Look at the kingpins on the steer axle, this is often a good indicator of the overall maintenance. Unless it has been recently steamed off, there should be gobs of old grease oozing out between the hinge points. If the truck is dirty, and there is no sign of grease, it's probably because there was no grease there, or anywhere else. Inspect the spring hangers and shackles for wear, and signs of old grease again.
As was mentioned earlier, look for salt or chlor mag corrosion. If the truck has lug nut covers, pop some off and look for rust or corrosion on the studs and nuts. Rusty lug nuts on a truck can be a major PITA situation the first time you need to swap a tire.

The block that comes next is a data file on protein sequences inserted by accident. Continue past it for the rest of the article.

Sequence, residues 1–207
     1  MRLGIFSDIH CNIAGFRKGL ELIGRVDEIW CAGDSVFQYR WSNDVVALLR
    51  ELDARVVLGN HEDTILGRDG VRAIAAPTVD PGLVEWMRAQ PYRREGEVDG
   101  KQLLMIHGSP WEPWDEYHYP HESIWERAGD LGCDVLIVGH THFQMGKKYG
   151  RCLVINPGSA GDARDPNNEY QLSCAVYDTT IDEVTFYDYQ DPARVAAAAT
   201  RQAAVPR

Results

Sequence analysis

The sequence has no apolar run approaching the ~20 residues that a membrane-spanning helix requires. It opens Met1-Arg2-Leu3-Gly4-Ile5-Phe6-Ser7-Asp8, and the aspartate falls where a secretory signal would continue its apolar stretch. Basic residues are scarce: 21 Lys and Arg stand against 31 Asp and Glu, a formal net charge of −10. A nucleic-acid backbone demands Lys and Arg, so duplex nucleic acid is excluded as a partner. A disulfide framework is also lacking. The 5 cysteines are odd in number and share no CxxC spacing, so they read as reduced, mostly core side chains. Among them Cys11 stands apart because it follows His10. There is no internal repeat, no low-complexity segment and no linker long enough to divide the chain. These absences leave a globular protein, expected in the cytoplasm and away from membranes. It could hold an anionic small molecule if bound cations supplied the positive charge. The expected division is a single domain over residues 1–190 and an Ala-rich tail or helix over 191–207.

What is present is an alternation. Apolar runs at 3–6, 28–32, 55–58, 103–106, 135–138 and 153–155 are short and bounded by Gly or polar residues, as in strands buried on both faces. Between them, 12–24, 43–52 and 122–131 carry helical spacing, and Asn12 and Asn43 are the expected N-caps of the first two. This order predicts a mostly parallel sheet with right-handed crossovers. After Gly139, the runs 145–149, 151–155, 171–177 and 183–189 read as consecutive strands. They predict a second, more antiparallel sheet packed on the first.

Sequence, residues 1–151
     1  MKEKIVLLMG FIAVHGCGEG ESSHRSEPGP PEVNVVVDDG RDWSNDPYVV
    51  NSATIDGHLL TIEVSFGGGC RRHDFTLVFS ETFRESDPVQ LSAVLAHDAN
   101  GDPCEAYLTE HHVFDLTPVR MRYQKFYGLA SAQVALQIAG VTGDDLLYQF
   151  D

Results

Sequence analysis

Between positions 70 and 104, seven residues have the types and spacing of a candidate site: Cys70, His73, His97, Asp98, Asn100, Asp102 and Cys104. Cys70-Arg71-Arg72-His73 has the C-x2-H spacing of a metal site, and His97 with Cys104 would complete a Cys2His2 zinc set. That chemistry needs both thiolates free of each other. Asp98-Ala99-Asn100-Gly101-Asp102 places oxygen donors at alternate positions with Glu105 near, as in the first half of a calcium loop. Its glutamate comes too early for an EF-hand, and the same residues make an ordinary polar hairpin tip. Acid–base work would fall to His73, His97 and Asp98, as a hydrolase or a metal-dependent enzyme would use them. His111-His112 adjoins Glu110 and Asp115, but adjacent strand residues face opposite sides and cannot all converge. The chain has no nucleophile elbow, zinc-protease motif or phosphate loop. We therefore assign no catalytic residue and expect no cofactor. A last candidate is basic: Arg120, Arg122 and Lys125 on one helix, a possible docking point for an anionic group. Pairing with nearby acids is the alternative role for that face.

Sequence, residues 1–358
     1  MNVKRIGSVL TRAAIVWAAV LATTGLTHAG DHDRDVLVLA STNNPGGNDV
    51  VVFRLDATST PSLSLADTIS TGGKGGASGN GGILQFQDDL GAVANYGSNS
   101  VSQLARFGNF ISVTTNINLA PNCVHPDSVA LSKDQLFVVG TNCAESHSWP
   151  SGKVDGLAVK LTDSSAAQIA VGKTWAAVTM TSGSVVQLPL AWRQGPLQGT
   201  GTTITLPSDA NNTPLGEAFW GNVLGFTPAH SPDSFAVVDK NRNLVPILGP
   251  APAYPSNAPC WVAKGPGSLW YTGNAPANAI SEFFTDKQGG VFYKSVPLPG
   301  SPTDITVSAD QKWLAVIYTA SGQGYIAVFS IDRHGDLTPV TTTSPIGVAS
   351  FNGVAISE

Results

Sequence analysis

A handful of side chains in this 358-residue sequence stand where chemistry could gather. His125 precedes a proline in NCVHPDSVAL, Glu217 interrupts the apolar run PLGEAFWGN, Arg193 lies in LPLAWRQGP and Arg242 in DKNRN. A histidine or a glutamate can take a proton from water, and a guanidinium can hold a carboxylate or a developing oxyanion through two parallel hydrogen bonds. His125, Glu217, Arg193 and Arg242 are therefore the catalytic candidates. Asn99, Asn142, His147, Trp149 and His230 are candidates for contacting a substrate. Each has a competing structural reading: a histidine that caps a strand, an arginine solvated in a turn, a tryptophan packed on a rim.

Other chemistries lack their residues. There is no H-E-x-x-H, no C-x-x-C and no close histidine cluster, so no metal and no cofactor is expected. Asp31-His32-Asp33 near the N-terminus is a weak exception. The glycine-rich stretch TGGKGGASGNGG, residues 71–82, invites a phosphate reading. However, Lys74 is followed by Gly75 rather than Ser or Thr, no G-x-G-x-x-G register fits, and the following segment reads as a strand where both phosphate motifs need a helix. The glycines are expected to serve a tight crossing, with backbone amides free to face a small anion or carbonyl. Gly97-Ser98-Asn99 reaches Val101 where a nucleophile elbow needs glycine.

Does it have a tow hook on the front? At some point, every field truck will have to be broke to lead.;)
 

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A tremclad overhaul can hide a fair bit. KW 8 bag suspension isn't a good suspension for a body job. I would stay away from trucks with a fresh rebuild that are up for sale. My experience is that unless the rebuild job was well done you are asking for trouble. make sure to take the rad cap off when on test drive, bubbles could mean bad compressor head gasket or worse head gasket on the engine. $20-30,000 to rebuild an engine nowadays.
 

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When we were looking for trucks we had a hard time finding anything in decent shape that was 07 and older for no emmisions stuff. Those trucks keep getting older all the time. Ended up getting an 09 and a 10 and had the emissions deleted on them. Have ran perfect since doing that.